What would it take to get you to run IE9 on Windows 7?

Microsoft has launched a holiday promotion to attempt to get more Windows 7 and Vista users to try Internet Explorer 9.
Written by Mary Jo Foley, Senior Contributing Editor

For those of you Windows 7 and Windows Vista users not running Internet Explorer (IE) 9 as your browser of choice, would free music and movies be enough to entice you to switch?

Microsoft is looking to entice users who aren't running IE 9 to give it a whirl, using a holiday promotion as an incentive. But in my case, freebies aren't enough of a reason for me to switch.

During our taping of the November 3 Windows Weekly episode, Windows SuperSite's Paul Thurrott, TWiT's Leo Laporte and I all noted that we use Chrome on Windows 7. As the latest worldwide Net Applications data from October made plain, we're not alone. Net Applications found Chrome to have 16.6 percent of the combined desktop/mobile browsing share last month, and IE (all versions combined) to have 49.59 percent.

Chrome is gaining marketshare among those browsing the Web from their desktop. Internet Explorer is continuing to lose overall marketshare there, even though the share of IE 9 on Windows 7 is growing. (IE 9 runs on Windows 7 and Windows Vista but not on Windows XP.) And on the mobile phone/device front -- where Chrome doesn't currently play -- IE's share is still miniscule, as the overall Windows Phone marketshare is still quite small.

As I've blogged before, I use Chrome because it's light weight and it opens Web pages faster on my PC than IE does. I know there are speed test results out there that show IE is the fastest. It's just not the case on my PC, and so far I've been unable to figure out why. It could be the result of other programs I have installed. It is not due to browser extensions. IE 9 is slower for me even when I turn off all my extensions.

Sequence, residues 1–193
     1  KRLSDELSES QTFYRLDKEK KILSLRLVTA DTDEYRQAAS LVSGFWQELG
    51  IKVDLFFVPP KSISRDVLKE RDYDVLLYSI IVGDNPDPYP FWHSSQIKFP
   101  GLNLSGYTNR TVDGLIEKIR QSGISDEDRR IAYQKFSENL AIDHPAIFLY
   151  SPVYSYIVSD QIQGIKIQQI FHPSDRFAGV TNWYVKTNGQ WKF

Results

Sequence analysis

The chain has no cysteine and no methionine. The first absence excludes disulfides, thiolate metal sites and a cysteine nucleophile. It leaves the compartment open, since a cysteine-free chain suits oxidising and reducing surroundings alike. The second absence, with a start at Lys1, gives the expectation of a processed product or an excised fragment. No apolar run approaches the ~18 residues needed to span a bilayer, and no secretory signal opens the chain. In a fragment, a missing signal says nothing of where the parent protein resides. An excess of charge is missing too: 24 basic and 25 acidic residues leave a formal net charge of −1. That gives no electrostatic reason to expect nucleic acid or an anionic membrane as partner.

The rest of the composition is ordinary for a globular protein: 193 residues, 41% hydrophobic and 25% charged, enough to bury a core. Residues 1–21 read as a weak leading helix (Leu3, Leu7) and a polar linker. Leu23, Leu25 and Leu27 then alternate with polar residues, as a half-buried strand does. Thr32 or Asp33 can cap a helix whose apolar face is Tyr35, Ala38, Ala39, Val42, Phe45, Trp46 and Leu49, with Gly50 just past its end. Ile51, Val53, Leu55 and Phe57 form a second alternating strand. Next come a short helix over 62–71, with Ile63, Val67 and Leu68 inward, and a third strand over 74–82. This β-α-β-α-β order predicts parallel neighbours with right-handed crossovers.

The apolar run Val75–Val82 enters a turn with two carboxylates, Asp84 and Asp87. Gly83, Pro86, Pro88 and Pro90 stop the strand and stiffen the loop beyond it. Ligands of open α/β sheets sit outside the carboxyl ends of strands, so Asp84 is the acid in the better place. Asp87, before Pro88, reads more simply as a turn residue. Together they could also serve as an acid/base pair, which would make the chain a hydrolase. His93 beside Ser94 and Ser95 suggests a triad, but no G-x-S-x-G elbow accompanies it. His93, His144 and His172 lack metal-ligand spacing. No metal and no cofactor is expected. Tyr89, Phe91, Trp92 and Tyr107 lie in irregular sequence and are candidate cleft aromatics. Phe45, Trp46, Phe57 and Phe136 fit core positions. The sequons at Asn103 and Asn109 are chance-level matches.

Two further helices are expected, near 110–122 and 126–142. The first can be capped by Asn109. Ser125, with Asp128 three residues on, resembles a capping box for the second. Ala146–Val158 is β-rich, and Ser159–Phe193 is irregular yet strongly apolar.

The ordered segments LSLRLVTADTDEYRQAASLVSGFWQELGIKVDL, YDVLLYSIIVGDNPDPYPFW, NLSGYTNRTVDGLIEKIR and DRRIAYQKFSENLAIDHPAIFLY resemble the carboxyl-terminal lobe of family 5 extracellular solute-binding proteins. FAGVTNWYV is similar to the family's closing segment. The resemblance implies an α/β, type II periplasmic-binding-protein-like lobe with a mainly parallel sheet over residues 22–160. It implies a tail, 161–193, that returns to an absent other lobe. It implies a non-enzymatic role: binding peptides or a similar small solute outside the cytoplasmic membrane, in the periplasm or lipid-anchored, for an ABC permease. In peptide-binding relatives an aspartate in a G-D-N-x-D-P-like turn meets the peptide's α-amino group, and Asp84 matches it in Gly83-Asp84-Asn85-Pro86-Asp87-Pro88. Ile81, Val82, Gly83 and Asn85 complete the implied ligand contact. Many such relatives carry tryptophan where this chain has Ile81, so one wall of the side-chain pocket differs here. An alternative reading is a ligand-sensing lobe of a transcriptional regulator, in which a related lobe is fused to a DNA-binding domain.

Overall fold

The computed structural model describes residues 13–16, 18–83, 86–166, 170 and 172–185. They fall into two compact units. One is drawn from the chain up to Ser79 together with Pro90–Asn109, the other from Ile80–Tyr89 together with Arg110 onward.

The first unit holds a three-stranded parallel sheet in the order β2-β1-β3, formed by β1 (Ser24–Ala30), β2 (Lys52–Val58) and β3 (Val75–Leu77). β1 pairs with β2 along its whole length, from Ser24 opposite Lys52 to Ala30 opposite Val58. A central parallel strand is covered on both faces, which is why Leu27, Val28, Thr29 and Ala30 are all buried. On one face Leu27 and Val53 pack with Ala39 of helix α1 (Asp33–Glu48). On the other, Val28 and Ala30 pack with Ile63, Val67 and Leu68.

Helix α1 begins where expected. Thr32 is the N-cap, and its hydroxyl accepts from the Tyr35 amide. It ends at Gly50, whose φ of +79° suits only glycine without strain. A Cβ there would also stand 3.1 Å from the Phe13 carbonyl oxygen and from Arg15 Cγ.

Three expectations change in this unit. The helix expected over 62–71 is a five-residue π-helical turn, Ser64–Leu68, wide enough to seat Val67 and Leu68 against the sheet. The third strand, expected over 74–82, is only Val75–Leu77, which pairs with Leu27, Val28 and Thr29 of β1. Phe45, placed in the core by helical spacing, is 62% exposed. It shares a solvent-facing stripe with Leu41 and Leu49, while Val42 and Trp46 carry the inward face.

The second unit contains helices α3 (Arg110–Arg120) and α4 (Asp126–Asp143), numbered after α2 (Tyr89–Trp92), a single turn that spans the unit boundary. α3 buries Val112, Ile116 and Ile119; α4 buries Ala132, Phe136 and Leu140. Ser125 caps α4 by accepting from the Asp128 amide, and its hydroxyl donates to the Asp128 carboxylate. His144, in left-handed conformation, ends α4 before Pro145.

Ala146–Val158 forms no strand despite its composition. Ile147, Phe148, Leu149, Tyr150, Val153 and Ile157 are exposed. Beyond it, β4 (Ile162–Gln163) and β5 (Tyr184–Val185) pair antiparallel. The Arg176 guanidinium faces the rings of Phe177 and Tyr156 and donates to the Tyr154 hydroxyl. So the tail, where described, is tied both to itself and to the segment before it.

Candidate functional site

Microsoft is trying a new tack this holiday season to get more Windows users to try IE 9. As Winbeta.org noted last night, Microsoft is offering users who download IE 9 and pin various sites to their task bar a variety of freebies, including music, movies and other goodies. Among partners participating in the giveaway are Slacker Radio, Pandora, Ticketmaster, Vimeo, Grooveshark, Hulu and Fandango.

(When you go to the IE 9 holiday promo page, Microsoft detects your browser. As you can see on the screen shot below, it detected I am running Chrome 15. Click on the page to enlarge.)

Would these kinds of give-aways make you non-IE-using customers load Microsoft's latest browser? In my case, the answer is no, as performance trumps all when I'm browsing.

Speaking of IE, I asked Microsoft earlier this week when those running the IE 10 preview on Windows 7 and Vista machines could expect an updated test build. I was told by a spokesperson that Microsoft had nothing more to share at this time. Microsoft's last developer preview (Platform Preview 2) for Windows 7 and Vista users of IE 10 was on June 29. Microsoft officials said earlier this year that they planned to roll out new dev previews for IE 10 on these operating systems every three months -- which means there should have been something out around late September.

Microsoft also made two test versions of IE 10 available to users of the Windows 8 developer preview in September as part of the Windows 8 dev preview bits. Microsoft also is not commenting on whether there will be any updates to the IE 10 code before the company releases the Windows 8 beta.

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